Is a Chinchilla the right pet for me?
There are many questions to answer before you decide to adopt a Chinchilla!
*Do you live in a rent house or an apartment where you have a landlord? If so, check with them first to make sure small animals are allowed in your home. There may be a security deposit and/or additional rent required. Make sure your budget will allow for this.
*Do you have time in your schedule to properly care for this little bundle of joy? Do you have room in your budget for all of it's expenses?*Do you have a safe area in your home for a roomy cage?*Do you have any other pets or small children that may harm or scare the Chinchilla?

Chin-Chin Must Haves!
Chinchillas are becoming very popular as pets! To properly care for a Chin, you will need these things!

Cage/Habitat: A very large, multi-tiered habitat will be the most suitable for a Chin, as they love to climb and jump. (Keep in mind, the more chinchillas in a cage the larger it should be. If you have two chinchillas in a cage meant for one, this can cause many problems, such as irritability, fighting, illness, injury, and more.) They will need many things to play on like shelves and ramps. The bottom of the cage should have at least a two inch layer of bedding. Aspen wood shavings and paper bedding work best. Do not use ceder or pine bedding, as they can lead to respiratory and eye problems. Your Chinchilla's cage should be cleaned at least once a week and spot cleaned when necessary. (If multiple Chins are living together in a cage it should be cleaned at least 2-3 times a week with daily spot cleaning.) When buying a cage remember that most store sold cages are too small for a multiple (and sadly often a single) Chin. You may need to special order a larger cage, build one yourself, or connect multiple cages. When buying a cage, try to get the biggest cage you have room for in your home and that you can afford. For a Chin Chin, a cage can never be too big!

Food: Like all creatures, Chinchillas need to eat! Fresh Chinchilla food pellets should always be available for him/her to eat throughout the day. Chin-Chins should also have access to fresh timothy hay at all times. You can purchase a hay rack from most pet shops or online to hold the hay so it does make the cage floor messy. Limited amounts of fresh fruits and vegetables can be offered as treats but should not exceed 10% of your Chinchilla's diet. Also, any uneaten fruits or veggies should be removed from the cage after 24 hours. We don't want a sick Chin! You will also need to provide your Chin-Chin with chew sticks at all times.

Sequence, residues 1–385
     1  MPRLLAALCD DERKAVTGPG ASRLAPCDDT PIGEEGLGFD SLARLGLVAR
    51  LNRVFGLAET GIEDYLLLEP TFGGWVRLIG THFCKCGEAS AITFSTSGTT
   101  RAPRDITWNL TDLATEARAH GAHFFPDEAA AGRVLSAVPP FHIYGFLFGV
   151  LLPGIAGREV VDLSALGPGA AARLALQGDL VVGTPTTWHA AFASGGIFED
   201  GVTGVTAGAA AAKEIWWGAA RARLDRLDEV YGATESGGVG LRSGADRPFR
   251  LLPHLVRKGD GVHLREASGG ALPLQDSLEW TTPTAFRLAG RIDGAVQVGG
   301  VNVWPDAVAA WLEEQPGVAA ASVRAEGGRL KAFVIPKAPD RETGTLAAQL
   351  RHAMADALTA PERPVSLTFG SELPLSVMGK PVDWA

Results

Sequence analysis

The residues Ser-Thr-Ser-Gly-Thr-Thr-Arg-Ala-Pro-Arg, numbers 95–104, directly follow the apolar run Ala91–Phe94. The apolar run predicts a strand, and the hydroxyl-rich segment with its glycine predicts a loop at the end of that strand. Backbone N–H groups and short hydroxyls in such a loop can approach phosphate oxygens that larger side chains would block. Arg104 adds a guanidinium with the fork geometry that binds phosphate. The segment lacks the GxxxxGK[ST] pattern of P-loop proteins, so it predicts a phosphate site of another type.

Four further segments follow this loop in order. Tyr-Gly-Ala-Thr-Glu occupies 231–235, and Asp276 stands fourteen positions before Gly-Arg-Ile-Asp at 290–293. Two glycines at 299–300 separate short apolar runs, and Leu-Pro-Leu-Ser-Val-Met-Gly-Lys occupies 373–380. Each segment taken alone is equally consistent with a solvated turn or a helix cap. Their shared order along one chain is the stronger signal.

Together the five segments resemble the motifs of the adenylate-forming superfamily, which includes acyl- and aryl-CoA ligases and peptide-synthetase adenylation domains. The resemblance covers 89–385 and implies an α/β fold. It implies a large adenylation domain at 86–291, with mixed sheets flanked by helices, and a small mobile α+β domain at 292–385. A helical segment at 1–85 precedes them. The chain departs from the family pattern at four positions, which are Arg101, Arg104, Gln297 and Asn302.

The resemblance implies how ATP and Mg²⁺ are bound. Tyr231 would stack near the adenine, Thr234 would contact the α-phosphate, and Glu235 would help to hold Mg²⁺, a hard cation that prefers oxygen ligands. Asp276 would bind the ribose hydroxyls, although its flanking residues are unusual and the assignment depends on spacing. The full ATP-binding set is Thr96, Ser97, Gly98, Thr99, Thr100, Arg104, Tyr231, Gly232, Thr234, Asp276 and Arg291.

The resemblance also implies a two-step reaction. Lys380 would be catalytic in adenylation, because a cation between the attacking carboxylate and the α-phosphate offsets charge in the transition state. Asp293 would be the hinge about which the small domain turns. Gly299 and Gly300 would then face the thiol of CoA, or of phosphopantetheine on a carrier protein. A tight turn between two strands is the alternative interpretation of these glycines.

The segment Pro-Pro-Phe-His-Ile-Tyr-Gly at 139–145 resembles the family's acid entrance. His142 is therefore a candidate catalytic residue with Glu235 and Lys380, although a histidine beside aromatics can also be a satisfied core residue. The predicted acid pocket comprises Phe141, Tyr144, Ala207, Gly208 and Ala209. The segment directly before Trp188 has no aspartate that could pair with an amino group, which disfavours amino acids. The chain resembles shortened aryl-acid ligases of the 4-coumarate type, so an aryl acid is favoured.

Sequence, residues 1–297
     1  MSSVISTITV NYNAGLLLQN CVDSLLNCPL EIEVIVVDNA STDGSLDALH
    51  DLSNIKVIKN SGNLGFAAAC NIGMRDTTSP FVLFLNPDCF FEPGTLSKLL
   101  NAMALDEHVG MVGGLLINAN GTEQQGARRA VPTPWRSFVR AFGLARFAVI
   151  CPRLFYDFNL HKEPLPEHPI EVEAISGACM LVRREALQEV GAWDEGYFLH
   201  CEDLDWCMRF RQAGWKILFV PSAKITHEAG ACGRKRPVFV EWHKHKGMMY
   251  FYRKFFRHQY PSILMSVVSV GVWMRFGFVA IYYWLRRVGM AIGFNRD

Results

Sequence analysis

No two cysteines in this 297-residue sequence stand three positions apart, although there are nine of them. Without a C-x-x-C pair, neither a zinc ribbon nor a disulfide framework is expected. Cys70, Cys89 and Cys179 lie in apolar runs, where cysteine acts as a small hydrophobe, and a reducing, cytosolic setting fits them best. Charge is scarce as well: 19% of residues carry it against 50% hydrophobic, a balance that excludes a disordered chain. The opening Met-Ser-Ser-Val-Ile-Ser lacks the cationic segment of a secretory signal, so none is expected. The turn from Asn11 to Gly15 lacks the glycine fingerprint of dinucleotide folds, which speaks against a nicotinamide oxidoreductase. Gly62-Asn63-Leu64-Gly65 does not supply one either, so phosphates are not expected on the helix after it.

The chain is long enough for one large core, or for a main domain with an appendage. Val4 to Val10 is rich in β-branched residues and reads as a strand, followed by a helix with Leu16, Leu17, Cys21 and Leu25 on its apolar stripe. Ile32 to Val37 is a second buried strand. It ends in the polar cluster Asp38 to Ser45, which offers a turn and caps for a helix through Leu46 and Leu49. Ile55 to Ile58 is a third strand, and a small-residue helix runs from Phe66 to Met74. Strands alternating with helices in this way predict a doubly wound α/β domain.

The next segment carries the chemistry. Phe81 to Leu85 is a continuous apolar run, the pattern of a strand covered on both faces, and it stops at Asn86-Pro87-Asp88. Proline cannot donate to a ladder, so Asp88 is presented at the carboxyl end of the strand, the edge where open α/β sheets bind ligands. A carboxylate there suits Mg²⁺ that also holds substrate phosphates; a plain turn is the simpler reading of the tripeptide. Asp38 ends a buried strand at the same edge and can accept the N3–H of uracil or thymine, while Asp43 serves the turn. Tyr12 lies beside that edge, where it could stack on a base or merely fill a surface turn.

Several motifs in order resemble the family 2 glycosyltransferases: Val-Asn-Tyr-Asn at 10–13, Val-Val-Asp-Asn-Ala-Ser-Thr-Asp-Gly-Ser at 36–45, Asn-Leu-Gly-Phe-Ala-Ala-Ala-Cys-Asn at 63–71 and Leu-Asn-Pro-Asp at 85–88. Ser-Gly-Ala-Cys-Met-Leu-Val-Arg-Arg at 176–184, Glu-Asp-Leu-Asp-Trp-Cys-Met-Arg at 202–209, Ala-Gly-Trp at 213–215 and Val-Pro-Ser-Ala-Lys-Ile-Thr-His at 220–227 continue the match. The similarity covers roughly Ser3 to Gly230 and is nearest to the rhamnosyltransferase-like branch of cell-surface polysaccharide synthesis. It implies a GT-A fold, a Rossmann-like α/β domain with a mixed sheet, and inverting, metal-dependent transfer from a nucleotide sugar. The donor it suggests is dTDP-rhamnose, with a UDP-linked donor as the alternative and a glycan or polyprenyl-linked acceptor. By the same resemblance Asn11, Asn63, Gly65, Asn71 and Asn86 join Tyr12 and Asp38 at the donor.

Food Bowl and Water Bottle: You will need a bowl to hold food in. A ceramic bowl will work best as it will be harder for your Chinchilla to tip it over and spill his/her food. To provide your Chin with water, use a water bottle, and NOT a bowl. Chinchilla's can get a fur fungus if their fur gets wet, and bowls provide an unnecessary opportunity for this to happen. The water will also get dirty quickly if in a bowl, or they may dump the bowl and spill water. Fresh water should be provided daily.

Running Wheel/flying saucer: Chinchillas are very active little creatures that love to run and play. They need an exercise wheel or flying saucer running disk to ensure they have plenty of exercise. The wheel or saucer should be large enough that your pet's back does not arch when they run. It is better to use a saucer for Chinchillas, but a wheel will work too.

House: Everyone needs some privacy now and then! Provide your Chin with a little house that he/she can sleep in. Make sure it is large enough for them to fit in comfortably! Shredded toilet paper or timothy hay is a great nesting material. (If you have more than one Chinchilla, they should each have a house, and one of them should be large enough for them both to sleep in.)

Baths: You should never get a Chin-Chin wet, but you can give them sand baths! All you need is a bath house and Chinchilla sand! Chins need a sand bath at least once a week, twice preferably.

Toys: Chinchillas like to play with toys. Try giving them little balls and toilet paper rolls to push around.

Chinchillas are high-energy little creatures but they are gentle and intelligent. Adding a Chinchilla to you family is a great idea (as long as your capable of properly caring for one).

I hope you all enjoyed this post. I'm sorry to all my ham-ham fans! I know I've veered off the topic of Hamsters, and I promise Hamster Talk! still has a main focus of hamsters! Soon I will be posting more things on hamsters! Until then!